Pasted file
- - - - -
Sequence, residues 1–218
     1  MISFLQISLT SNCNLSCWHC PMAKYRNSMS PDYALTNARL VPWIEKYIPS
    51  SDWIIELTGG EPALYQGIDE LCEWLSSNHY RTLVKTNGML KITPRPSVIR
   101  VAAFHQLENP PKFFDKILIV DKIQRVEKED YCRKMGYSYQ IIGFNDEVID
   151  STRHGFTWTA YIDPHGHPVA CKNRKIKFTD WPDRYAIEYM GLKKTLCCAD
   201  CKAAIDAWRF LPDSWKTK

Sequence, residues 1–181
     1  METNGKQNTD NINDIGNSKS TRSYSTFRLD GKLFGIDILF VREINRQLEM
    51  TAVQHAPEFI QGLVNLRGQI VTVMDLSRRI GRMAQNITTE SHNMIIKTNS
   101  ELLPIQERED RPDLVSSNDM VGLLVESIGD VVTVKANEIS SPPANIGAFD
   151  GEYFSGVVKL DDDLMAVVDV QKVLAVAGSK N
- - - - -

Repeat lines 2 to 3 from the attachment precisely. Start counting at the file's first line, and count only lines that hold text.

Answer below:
     1  MISFLQISLT SNCNLSCWHC PMAKYRNSMS PDYALTNARL VPWIEKYIPS
    51  SDWIIELTGG EPALYQGIDE LCEWLSSNHY RTLVKTNGML KITPRPSVIR